Poll Shows McCain’s Re-Election Bid in Trouble

hayworthJohn McCain doesn’t even have an opponent in the 2010 U.S. Senate primary, but a new poll shows the race would be tied if he did. Conservative polling firm Rasmussen asked likely Republican voters whether they would vote for McCain or J.D. Hayworth, a former Arizona U.S. Representative and talk radio star. McCain had only a two-point lead, with 45 percent choosing him and 43 percent backing Hayworth, who hasn’t even declared himself a candidate yet.

Hayworth’s appeal is apparently to younger, hot-headed, anti-immigrant Arizonans. He and his former chief of staff wrote the book, “Whatever It Takes: Illegal Immigration, Border Security, and the War on Terror,” in which, according to Wikipedia, he criticized George W. Bush for taking contributions from industries like meat packing and construction that depend on immigrant labor. He also claimed the Constitution bars children of illegals from U.S. citizenship, and advocates “Americanization” ala Henry Ford, who said immigrants should speak English and be taught “the right way to live.”

The bombastic Hayworth, described by Wonkette as an “Arizona-American,” currently hosts an afternoon drive-time radio show from Phoenix and fills in for Laura Ingraham when she is indisposed.

Hayworth ran into trouble while serving in Congress from 1995 through 2006, not for taking huge donations to his PAC from Jack Abramoff, but for using about a quarter of all the money raised by his PAC to pay his wife for bookkeeping services.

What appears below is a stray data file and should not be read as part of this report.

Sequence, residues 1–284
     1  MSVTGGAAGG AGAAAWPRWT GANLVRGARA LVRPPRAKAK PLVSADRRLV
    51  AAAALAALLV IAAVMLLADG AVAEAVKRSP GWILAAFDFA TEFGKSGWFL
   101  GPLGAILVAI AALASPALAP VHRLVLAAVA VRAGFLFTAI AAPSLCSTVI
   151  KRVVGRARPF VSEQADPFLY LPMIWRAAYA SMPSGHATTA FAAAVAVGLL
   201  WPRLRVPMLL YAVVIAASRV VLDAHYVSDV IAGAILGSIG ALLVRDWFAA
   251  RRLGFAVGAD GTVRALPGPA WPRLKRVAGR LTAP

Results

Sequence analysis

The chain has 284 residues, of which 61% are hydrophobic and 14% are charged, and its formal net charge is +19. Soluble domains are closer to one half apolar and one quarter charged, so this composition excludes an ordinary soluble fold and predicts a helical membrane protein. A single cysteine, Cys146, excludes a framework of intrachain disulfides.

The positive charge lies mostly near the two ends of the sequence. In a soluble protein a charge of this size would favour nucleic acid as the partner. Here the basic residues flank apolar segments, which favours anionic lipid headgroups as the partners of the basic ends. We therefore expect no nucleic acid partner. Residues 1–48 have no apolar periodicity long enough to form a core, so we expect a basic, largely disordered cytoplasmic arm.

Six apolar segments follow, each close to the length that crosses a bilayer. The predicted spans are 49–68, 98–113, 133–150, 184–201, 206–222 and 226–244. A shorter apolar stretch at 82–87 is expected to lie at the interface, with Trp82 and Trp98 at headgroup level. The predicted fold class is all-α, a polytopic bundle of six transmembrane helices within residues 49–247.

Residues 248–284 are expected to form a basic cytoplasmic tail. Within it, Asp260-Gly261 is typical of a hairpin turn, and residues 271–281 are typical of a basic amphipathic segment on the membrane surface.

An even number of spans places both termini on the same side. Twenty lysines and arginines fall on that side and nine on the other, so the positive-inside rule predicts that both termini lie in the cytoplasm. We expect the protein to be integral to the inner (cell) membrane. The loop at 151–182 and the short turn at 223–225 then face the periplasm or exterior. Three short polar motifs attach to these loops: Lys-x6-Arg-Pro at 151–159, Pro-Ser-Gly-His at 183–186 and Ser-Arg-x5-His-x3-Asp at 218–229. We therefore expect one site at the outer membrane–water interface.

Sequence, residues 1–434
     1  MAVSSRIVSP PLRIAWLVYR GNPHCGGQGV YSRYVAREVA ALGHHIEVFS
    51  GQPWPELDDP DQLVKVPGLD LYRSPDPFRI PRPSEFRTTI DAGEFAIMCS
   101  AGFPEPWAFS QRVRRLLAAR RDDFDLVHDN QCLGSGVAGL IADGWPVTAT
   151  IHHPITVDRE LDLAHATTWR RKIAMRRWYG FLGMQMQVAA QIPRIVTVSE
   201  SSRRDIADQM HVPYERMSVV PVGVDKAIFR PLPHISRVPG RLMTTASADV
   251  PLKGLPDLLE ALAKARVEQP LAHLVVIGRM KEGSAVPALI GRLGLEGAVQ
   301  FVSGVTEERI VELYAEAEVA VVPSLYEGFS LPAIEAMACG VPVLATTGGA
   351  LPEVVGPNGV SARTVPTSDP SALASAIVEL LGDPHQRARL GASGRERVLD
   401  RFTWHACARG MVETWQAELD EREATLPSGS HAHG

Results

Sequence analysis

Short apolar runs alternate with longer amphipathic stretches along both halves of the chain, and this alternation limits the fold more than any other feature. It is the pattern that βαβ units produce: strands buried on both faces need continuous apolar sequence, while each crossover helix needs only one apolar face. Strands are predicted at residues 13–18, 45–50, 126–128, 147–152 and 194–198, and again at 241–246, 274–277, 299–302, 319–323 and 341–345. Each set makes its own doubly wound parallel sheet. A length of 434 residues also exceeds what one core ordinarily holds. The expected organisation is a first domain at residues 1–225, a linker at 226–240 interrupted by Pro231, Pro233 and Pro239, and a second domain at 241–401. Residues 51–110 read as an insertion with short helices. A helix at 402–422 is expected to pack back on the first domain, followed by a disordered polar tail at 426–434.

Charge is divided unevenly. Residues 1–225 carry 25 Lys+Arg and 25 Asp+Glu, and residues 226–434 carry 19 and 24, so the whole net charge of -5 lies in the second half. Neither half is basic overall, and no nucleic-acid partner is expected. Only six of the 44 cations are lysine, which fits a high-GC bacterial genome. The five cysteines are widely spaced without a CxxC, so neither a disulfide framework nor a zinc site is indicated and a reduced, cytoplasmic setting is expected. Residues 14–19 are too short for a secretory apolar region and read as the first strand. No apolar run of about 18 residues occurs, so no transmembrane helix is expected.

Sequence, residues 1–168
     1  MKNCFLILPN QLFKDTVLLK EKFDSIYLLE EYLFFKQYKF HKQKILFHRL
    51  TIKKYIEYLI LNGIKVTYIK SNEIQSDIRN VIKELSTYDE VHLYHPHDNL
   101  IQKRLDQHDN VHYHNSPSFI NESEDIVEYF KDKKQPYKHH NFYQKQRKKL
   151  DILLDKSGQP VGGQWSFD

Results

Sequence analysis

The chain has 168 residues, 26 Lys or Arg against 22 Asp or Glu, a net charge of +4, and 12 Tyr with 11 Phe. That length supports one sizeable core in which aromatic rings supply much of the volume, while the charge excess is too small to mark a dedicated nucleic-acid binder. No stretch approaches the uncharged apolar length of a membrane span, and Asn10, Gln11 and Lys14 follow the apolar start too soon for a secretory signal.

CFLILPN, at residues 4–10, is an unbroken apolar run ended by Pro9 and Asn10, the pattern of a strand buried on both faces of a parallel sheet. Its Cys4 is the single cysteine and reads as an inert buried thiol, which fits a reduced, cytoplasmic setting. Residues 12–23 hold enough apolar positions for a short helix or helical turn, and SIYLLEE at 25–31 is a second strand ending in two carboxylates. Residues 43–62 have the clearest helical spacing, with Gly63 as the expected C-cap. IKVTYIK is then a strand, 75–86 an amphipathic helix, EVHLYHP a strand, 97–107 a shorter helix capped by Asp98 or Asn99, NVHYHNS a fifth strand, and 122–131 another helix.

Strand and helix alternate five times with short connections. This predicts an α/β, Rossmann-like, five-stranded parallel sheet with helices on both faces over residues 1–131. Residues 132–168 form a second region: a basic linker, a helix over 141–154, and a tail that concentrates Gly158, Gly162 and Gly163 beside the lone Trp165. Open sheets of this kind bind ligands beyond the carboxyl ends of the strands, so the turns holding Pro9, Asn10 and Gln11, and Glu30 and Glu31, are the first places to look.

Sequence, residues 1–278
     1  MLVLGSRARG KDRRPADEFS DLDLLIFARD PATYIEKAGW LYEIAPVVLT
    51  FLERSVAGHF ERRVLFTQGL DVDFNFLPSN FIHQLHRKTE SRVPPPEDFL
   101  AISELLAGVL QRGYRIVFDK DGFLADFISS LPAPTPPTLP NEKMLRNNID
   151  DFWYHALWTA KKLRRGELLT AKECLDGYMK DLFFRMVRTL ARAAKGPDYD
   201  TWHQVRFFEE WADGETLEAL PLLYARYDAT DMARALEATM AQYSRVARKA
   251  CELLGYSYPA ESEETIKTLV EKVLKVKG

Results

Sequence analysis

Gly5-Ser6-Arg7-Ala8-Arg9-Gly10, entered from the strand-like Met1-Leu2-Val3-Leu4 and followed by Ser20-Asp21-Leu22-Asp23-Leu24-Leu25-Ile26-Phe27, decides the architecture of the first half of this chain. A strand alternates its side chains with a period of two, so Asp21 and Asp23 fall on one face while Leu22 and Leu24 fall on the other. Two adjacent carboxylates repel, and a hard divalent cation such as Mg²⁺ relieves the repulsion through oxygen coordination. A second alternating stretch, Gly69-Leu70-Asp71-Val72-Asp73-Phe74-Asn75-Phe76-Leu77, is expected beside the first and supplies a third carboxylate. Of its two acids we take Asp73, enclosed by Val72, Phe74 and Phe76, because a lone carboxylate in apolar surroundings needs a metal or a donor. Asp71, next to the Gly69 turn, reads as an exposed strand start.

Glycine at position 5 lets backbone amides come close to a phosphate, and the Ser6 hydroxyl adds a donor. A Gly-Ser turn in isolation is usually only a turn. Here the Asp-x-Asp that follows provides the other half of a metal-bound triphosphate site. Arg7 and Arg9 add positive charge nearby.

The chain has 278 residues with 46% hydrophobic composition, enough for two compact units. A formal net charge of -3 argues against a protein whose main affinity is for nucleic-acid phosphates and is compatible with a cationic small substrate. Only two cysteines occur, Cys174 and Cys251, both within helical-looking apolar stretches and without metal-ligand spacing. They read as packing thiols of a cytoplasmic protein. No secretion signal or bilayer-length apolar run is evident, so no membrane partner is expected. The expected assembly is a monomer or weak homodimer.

McCain has drawn no Democratic opponent in the race.

2 Responses »

  1. Nikolai November 20, 2009 @ 12:51 pm

    Hayworth became known in Arizona as a sportscaster on one of the local stations here in Phoenix, and he even sucked at that. He was also a lot heavier then. He looked and came across as a big, dumb ape. Kind of like now.

  2. majii November 21, 2009 @ 4:27 pm

    Hayworth’s challenge seems to be pushing McCain farther to the right. After working on energy legislation for years iin the past, he’s now come out against it. He will also vote against hc reform without batting an eyelash. IMHO, this reveals the real reason he’s in the Senate: for the prestige and recognition, plus I believe he gets off on having some people think he’s more influential than he really is, and I think these are among the worst reasons for being a politician.

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